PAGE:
A recent ruling by U.S. Court of Appeals in Washington, D.C., faulted the ""Securities and Exchange Commission"":http://www.sec.gov/ (SEC) for failing to perform a sufficiently thorough economic impact analysis before it moved forward with a new rule, according to ""_Bloomberg News_"":http://www.bloomberg.com/news/2011-07-22/dodd-frank-act-s-rules-may-be-at-legal-risk-after-sec-appeals-court-defeat.html. The decision could roll over onto provisions established by the Dodd-Frank Act, delaying those provisions and preventing new rules from going into effect.[IMAGE]
Proposed by the commission last year, the SEC reportedly intended the rule to give more heft to candidates in line for positions on company boards and help investors oust unwanted directors. According to _Bloomberg_, this makes yet another case the SEC lost in court as the commission works to put on paper and finalize some 100 rules that Dodd-Frank requires it to write.
""The commission inconsistently and opportunistically framed the costs and benefits of the rule; failed adequately to quantify the certain costs or to explain why those costs could not be quantified; neglected to support its predictive judgments; contradicted itself; and failed to respond to substantial problems raised by commenters,"" the news service reported U.S. Circuit Judge Douglas Ginsburg as writing.
""The entire Dodd-Frank implementation is at heavy risk because if any of these rules are challenged by the courts, they won't survive,"" _Bloomberg_ reported Hal Scott, ""Harvard Law School"":http://www.law.harvard.edu/index.html professor and director of the Program on International Financial Systems, as saying.[COLUMN_BREAK]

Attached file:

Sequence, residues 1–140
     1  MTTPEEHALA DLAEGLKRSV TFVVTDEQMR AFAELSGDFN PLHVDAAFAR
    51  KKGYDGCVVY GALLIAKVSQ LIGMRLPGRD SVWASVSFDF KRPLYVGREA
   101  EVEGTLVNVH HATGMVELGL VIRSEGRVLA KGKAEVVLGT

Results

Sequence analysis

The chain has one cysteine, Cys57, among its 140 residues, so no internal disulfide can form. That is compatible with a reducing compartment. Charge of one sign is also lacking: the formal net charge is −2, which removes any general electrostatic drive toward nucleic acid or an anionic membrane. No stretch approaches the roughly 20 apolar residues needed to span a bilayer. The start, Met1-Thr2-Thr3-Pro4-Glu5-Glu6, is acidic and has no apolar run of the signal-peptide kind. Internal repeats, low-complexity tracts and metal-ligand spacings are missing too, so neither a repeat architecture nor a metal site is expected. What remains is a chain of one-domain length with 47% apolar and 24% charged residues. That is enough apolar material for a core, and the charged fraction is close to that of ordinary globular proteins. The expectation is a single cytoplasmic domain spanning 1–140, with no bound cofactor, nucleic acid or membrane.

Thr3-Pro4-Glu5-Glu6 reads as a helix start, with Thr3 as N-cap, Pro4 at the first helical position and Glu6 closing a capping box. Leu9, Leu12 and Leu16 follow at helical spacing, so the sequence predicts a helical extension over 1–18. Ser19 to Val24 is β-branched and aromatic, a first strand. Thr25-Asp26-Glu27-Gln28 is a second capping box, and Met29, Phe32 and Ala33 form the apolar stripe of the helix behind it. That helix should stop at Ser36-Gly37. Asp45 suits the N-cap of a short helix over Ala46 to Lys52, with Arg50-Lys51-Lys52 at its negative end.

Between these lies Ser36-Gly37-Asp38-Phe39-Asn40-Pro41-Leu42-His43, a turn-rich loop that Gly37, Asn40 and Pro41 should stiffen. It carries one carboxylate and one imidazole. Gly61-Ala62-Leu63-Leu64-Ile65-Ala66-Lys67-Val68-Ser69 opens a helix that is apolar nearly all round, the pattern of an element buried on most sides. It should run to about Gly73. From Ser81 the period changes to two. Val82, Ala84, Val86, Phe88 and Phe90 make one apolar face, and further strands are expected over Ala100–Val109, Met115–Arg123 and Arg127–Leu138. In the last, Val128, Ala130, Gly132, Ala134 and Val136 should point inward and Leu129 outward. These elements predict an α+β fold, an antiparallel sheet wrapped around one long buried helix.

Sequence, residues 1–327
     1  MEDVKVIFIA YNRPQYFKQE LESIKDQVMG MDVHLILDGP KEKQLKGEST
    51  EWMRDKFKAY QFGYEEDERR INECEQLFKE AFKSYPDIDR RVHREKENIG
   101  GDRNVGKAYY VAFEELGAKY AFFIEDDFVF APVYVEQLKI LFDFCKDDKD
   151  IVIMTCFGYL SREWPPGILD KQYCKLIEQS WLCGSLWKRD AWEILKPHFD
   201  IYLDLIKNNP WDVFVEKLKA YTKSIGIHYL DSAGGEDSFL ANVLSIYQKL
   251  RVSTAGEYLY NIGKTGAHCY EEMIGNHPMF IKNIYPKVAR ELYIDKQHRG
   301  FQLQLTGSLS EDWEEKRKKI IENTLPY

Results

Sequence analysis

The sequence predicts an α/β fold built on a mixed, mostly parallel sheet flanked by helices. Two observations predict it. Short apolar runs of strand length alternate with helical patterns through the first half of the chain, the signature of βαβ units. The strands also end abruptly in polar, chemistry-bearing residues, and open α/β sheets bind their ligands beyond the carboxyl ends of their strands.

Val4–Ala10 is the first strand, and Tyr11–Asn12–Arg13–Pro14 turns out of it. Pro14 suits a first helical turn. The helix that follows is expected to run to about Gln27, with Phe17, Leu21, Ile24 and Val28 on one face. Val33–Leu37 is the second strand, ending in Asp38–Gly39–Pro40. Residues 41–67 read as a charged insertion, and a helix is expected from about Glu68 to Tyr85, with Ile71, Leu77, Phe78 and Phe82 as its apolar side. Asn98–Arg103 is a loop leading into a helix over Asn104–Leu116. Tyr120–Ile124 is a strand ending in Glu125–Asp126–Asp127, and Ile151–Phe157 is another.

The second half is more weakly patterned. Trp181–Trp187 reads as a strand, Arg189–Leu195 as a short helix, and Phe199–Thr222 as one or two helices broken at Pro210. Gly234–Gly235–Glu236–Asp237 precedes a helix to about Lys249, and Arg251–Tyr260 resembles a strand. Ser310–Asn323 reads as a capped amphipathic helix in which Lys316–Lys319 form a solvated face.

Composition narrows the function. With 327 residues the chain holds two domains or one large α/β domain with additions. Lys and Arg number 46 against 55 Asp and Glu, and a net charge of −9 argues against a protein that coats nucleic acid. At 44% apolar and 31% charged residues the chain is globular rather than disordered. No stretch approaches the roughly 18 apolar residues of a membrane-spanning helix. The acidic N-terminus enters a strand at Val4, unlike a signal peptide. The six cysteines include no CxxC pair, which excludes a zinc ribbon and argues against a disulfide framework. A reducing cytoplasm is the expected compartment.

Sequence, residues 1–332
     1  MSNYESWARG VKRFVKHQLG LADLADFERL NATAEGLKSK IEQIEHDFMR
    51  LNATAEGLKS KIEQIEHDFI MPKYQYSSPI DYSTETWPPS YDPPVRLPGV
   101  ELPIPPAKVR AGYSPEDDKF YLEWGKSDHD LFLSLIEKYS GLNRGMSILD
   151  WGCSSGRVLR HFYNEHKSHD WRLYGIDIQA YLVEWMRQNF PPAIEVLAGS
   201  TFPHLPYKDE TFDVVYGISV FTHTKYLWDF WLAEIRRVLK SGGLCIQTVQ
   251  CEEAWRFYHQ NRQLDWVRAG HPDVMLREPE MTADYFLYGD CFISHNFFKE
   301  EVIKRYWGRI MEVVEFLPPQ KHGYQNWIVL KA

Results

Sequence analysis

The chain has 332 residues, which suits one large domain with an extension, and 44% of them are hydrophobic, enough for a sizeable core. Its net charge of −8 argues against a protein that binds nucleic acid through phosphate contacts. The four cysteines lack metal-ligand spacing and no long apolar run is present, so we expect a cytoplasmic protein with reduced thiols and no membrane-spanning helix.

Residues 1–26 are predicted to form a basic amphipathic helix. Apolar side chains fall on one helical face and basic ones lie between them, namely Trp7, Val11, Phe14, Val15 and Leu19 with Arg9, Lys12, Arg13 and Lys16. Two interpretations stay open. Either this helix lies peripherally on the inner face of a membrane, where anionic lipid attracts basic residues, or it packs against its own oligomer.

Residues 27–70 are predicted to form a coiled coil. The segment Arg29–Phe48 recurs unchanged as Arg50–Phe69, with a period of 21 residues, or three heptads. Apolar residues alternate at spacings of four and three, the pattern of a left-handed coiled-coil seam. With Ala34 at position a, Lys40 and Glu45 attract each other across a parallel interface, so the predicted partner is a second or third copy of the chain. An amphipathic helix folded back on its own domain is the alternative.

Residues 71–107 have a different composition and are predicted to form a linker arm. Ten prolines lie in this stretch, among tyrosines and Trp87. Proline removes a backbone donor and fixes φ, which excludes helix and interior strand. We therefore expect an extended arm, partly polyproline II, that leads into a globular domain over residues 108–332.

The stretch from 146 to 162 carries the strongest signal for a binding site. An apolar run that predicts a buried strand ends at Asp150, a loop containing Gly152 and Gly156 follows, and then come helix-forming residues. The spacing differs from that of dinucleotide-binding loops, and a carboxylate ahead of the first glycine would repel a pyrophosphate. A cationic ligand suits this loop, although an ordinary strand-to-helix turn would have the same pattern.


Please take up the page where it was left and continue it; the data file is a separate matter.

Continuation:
Rule-writing is an extensive process for federal regulatory agencies, one that can take up to one or more years. Economic impact analyses figure into the marathon as one of the last steps before a rule is approved by an agency, with lengthy commentary periods, agency-to-agency consultations, legal reviews, and more serving as roadblocks in the approval process.
""I don't see notice and comment as a panacea for bad regulation,"" Mark Calabria, director of financial regulation studies at the ""Cato Institute"":http://www.cato.org/, said in a past interview with _MReport_.
This rule got the green-light in May after SEC commissioners voted in approval by 3 to 2. Among the changes wrought by the rule: a $100,000 reward for whistleblowers who came forward to federal authorities about corporate rule-breaking that required fines and penalties of more than $1 million, according to the ""_Wall Street Journal_"":http://online.wsj.com/article/SB10001424053111904772304576470313933175814.html.
The _Journal_ reported that a dissenting commissioner who cast a nay vote said that she felt concern over procedures by the SEC that neglected tallying the final costs to employers.
Despite the ruling, there is still more rule-writing to be done, according to _Bloomberg_. Dodd-Frank charged the SEC with responsibility for some 70 proposed rules.
""The court has sent a clear signal that the agency must continue to improve its efforts in that area,"" the news service reports Eugene Scalia, a lawyer at ""Gibson, Dunn & Crutcher LLP"":http://www.gibsondunn.com/default.aspx, as saying. ""The decision is notable for the number of different errors it finds in the commission's analysis and the degree for which those errors go to the very core of the commission's argument.""
Richard Eckman, a managing partner at ""Pepper Hamilton LLP"":http://www.pepperlaw.com/ and chair of the law firm's financial services practice group, went further for a past story by saying that agencies often use orders and guidance in addition to rule-writing authority. He also said that federal agencies are anything but foreign to suits and court decisions.
A contentious suit brought against the ""Environmental Protection Agency"":http://www.epa.gov/ in 2000 successfully strong-armed the agency into overturning controversial guidance that the presiding court said ""should have been subject to the rulemaking procedures.""